You do, however, have MRSA
. An adorable cartoon at the new blog BuzzHootRoar draws attention to something I'd never heard of before — a lot of the time, when your doctor thinks you've been bitten by a poisonous spider, you've actually been infected with antibiotic resistant bacteria. No spider involved. And the cartoon comes with citations, which is lovely. — Maggie
Smithsonian looked at the recent startling video of a "spider rain" west of Sao Paulo, Brazil. Thousands of spiders can be seen moving up and down their Webs hanging from telephone wires and floating through the air.
According to biologist Marta Fischer of the Pontifical Catholic University of Parana, however, the phenomenon is not so strange. ”This type of spider is known to be quite social,” she said. “They are usually in trees during the day and in the late afternoon and early evening construct sort of giant sheets of webs, in order to trap insects...”
It’s Raining Spiders in Brazil
If strong winds come along, the web may detach from its anchors, carrying the spiders and their ruined home to new sites where they appear to “rain down.” Catching rides on the wind–en mass–was likely what happened in Santo Antonio da Platina.
Horrible, horrible things. Blogger Bug Girl explains the finer points of male spider anatomy
and, also, probably way more than you wanted to know about Peter Parker's personal life. — Maggie
Six-eyed sand spiders make their living by hiding, burrowing into the sand where they lie in wait of passing prey. Given that, it's a bit surprising how ... cute ... the process of burrowing looks. All I could think while watching this video was, "Awww, who's a happy spider?"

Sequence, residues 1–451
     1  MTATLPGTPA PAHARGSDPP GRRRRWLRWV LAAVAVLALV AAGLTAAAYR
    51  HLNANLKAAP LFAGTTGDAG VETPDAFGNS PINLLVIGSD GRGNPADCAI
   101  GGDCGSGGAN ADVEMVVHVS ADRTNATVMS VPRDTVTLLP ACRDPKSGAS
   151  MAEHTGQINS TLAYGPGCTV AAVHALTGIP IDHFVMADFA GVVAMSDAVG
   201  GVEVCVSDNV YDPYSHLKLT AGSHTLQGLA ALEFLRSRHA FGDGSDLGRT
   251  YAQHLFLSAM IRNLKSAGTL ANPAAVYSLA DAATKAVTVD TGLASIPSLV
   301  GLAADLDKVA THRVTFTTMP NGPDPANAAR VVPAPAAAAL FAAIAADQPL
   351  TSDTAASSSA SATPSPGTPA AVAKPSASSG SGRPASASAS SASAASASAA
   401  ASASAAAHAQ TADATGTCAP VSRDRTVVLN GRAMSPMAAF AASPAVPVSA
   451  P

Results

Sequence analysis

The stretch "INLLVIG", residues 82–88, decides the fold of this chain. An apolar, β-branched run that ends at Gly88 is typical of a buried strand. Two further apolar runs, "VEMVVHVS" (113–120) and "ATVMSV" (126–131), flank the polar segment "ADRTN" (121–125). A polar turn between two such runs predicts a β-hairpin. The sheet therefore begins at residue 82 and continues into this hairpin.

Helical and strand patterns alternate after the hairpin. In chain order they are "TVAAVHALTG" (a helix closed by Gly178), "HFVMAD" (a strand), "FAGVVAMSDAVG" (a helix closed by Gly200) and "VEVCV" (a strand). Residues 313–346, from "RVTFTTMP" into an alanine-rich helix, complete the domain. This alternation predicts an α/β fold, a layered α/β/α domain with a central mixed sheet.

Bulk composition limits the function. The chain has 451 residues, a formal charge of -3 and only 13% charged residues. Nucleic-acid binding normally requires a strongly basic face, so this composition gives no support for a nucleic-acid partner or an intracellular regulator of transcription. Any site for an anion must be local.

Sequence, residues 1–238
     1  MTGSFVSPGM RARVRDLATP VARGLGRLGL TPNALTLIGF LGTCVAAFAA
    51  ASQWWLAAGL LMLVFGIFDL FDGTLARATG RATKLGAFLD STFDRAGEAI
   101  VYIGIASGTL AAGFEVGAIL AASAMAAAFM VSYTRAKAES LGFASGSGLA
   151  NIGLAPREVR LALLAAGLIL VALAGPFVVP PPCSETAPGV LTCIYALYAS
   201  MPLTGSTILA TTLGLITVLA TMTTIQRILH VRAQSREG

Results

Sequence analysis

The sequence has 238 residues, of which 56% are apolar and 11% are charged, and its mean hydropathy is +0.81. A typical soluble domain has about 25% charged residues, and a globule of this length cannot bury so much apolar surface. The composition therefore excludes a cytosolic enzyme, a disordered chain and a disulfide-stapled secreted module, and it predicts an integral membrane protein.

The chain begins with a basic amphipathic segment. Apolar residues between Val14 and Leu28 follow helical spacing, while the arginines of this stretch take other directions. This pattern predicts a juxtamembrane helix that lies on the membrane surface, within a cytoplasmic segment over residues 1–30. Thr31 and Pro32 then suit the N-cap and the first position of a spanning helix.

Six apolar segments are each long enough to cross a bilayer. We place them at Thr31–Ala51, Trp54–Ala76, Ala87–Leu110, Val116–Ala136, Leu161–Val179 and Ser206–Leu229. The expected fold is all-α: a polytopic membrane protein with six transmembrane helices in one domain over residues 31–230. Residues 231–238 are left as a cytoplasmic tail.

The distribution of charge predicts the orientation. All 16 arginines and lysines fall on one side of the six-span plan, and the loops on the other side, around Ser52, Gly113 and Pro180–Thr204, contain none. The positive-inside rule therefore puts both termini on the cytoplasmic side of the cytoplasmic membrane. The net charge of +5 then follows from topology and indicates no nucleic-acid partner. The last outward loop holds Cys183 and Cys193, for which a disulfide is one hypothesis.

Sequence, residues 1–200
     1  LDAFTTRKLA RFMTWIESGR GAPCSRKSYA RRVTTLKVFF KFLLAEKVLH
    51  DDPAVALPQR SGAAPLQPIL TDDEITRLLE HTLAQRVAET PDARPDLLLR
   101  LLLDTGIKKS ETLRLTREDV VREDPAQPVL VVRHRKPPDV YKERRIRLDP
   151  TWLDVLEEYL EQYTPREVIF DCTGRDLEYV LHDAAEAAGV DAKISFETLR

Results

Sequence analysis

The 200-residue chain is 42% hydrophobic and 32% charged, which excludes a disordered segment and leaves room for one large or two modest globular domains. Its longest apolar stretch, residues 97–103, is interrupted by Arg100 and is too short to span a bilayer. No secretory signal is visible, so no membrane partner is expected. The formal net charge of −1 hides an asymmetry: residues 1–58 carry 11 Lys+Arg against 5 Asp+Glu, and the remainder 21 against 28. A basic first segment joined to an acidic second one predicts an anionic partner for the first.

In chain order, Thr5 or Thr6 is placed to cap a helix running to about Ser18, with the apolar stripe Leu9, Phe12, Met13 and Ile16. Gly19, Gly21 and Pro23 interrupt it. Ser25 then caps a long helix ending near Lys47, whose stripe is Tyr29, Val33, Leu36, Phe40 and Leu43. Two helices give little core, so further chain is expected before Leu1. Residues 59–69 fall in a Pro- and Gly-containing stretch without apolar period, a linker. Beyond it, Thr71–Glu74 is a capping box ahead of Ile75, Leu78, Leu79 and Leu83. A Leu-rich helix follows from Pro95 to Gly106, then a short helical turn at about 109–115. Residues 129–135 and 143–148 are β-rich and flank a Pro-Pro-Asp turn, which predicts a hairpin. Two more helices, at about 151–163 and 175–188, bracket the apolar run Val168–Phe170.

Via Brian Malow
The Attleborough Sun-Chronicle
reports that a spider got inside a voting machine on election day
, thereby preventing the scanner inside from correctly counting ballots. Poll workers stayed up all night to count Rehoboth, MA.'s ballots by hand; presidential candidate Mitt Romney emerged victorious. — Rob
This is a spider, which was encased in tree sap while in the act of attacking a wasp. The sap turned to amber, leaving an incredible preserved scene, with even individual strands of silk from the spider's web remaining unbroken for 100 million years.
— The paper this is taken from (sits behind a paywall, unfortunately)
— Learn more about the preservation of bugs in amber at the website for NOVA's "Jewell of the Earth" documentary
Spider molting from Karli Larson on Vimeo.
Spiders don't have an internal skeleton like we do. Instead, their muscles are anchored to an exoskeleton—a sort of hard, semi-flexible shell that encases a spider's whole body. In order to grow bigger, spiders have to grow new exoskeletons and shed old ones.
Karli Larson found a spider on her window frame in the process of shedding its exoskeleton. Naturally, she filmed it and set the whole thing to music. She says:
The entire molting process took about 30 minutes to fully complete. This is the interesting part, sped up.
The camera is a little shakey, so if that bothers you, well, sorry. But I think this is still way fascinating.
Read more about spiders, their exoskeletons, and the molting process at HowStuffWorks
Thanks, Maggie Ryan Sandford!
[Video Link]. "A lot of people die. Just so you know."—Dan Lucal. (via Casimir Nozkowski)